Motorcycle friendly: Yes.  As a bonus, Highway 154 is a great riding road with lots of twisties.  Park in the parking area for Mather Lodge at Petit Jean State Park.

Cedar Falls (95')
Cedar Falls has to be the most photographed waterfall in Arkansas.  Located in Petit Jean State Park, there are lots of other trails and attractions nearby to draw in lots of visitors.  Since it is a fairly easy hike, with an easy to get to trailhead, there is a lot of visitors.  

Today we had the first clear day after four days of heavy rain, so Boomer (our German Shepard) and I were ready to go chase some waterfalls.  It was opening day for my wife Bethany's new business, so she opted out.  But our daughter Heather wanted to go hike the Cedar Falls trail, so off we went.

Cedar Falls - from overlook
Getting there is easy.  Take Hwy 7 to Centerville, then turn east on Hwy 154 for 15.1 miles to Mather Lodge.  Or, from Morrilton, take Hwy 9 to Oppelo and turn west on Hwy 154 for 12.9 miles to Mather Lodge.  Park in the par
king lot at the lodge and walk around the lodge to the trailhead.  Just east of the lodge is a short road to scenic overlook on the bluff high above Cedar Falls.  Either before or after hiking the Cedar Falls trail, this is a must-see stop to get this completely different perspective of the waterfall.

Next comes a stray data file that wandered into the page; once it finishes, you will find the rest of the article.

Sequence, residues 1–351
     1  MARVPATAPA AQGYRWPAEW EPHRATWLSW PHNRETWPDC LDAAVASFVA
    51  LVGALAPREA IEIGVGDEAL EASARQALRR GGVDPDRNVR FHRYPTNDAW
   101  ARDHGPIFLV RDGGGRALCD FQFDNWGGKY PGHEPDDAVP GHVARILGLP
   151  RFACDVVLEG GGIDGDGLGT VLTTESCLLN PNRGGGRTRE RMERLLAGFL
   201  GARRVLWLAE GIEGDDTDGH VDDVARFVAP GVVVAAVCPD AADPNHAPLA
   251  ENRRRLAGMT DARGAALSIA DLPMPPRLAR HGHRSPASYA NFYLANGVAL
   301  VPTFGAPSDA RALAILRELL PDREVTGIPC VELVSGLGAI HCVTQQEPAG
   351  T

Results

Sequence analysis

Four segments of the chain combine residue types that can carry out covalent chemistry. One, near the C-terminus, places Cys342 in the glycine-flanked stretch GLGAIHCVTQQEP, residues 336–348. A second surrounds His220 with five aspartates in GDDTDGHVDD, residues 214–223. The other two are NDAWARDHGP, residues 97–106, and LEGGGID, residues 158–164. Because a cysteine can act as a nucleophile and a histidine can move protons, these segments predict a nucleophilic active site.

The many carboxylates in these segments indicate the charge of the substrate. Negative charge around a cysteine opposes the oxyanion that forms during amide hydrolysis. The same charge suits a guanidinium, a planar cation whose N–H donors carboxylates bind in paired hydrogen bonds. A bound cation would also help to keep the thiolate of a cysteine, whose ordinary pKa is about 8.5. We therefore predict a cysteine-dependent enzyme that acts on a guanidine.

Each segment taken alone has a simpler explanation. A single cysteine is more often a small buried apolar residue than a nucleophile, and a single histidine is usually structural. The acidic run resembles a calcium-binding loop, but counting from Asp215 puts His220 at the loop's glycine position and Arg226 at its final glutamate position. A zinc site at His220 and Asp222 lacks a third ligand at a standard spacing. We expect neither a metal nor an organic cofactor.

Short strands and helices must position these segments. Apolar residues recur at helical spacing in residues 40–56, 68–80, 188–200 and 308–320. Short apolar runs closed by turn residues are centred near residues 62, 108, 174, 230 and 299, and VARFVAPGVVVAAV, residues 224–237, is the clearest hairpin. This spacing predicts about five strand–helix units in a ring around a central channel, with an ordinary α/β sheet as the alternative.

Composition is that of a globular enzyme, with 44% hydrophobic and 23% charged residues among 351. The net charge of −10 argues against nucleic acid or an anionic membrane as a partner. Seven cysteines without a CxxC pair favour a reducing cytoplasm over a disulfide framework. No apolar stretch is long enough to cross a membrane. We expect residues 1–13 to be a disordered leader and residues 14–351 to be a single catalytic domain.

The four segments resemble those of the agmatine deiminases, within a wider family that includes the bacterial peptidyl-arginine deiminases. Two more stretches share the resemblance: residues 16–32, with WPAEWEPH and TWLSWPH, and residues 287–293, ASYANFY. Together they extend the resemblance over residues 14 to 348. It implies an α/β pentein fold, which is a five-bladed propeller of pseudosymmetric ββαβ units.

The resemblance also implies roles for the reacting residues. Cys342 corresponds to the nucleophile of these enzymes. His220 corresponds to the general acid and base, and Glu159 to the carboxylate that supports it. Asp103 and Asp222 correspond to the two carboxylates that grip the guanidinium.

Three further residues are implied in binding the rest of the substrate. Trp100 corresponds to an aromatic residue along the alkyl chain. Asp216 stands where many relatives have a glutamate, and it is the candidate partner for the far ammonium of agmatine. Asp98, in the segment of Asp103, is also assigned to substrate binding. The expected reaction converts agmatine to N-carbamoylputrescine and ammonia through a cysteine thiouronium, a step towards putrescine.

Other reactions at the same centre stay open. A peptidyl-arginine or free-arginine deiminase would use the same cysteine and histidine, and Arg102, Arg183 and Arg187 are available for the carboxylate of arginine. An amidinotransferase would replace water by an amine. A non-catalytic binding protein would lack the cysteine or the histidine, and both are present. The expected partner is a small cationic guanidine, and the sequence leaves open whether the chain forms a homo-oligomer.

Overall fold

Waterfall near top of trail
Starting down the from the trailhead, the trail immediately starts the descent down into Cedar Creek's canyon.  The trail was built by the CCC back in the 1930's, but it has held up to the constant traffic well.  It zig-zags down the canyon wall so that there really is not any real steep areas.  At one of the early 'zigs', there is a nice series of waterfalls on the on a feeder creek off to the left of the trail.  If there is plenty of water, as there was today, this is well worth the stop.  Besides, when you climb back up the canyon on the way out, this is a great excuse for stopping and resting.  

There is a warning sign at the start of the trail with words to the effect that this trail can be strenuous on the climb back up.  Don't let that deter you from going, as it is somewhat overstated, at least in my opinion.  The whole elevation change from trailhead to the waterfall is only about 200 feet.  I see lots of children on the trail, some very young, and they seem to manage the hike back out just fine.  

Cedar Creek Bridge
We proceeded down the trail to the creek level.  On the way, there is a side trail to Bear Cave.  There are many other trails all over Petit Jean state park, and you could spend a few days here doing nothing but hiking in this beautiful park.  The Bear Cave trail is only an additional half mile each way.